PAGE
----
When people speak of suffering on the bike, they usually are referring to pain in the legs from their efforts. For many, though, their suffering comes in a different form: Overuse injuries of the neck and shoulder. Recently, I was doing some research for articles that study the frequency of neck and shoulder pain in cyclists. Although I expected the numbers to be significant, I didn’t anticipate that they would be as high as the rates they report. Most of these studies were surveys given to recreational/amateur cyclists after long distance events of multiple days.
Frequency of neck/shoulder pain (survey results) 44.2% (male) 54.9% (female). Wilber, et al. 1995
Frequency of neck/shoulder pain (survey results) 66.4%. Weiss, et al. 1985.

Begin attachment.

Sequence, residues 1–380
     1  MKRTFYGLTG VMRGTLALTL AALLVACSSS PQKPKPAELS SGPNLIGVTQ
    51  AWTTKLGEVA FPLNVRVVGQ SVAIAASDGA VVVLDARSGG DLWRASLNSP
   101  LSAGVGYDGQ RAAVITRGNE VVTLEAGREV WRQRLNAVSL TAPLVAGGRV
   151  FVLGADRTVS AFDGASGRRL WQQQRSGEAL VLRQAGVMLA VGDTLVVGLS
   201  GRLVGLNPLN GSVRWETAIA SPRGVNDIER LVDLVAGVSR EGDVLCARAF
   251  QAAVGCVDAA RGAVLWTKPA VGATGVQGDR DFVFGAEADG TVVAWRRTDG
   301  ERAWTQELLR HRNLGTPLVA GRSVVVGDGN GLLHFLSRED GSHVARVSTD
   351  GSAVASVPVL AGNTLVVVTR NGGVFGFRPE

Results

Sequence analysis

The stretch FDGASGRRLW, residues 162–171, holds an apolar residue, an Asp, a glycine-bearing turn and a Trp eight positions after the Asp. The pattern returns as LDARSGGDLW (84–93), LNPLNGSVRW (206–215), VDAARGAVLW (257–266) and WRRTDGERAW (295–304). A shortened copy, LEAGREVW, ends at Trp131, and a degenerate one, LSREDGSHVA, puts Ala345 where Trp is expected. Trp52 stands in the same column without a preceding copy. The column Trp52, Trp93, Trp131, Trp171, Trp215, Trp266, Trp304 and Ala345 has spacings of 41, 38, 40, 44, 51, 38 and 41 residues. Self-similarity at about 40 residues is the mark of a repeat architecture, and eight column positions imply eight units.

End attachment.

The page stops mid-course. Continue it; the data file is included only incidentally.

Wilber CA, Holland GJ, Madison RE, et al. An epidemiologic analysis of overuse injuries among recreational cyclists. Int J Sports Med 1995: 16: 201-6.
Weiss BD. Nontraumatic injuries in amateur long distance bicyclists. Am J Sports Med 1985; 13(3): 187-192.
In my search, I came across a chapter in an old book (now online) called “A Doctor’s View of Bicycling” that was originally published in 1897. From it comes the great picture posted above of A.A. “Zimmy” Zimmerman in an early concept of bicycle positioning for racing. Times have changed… for the better!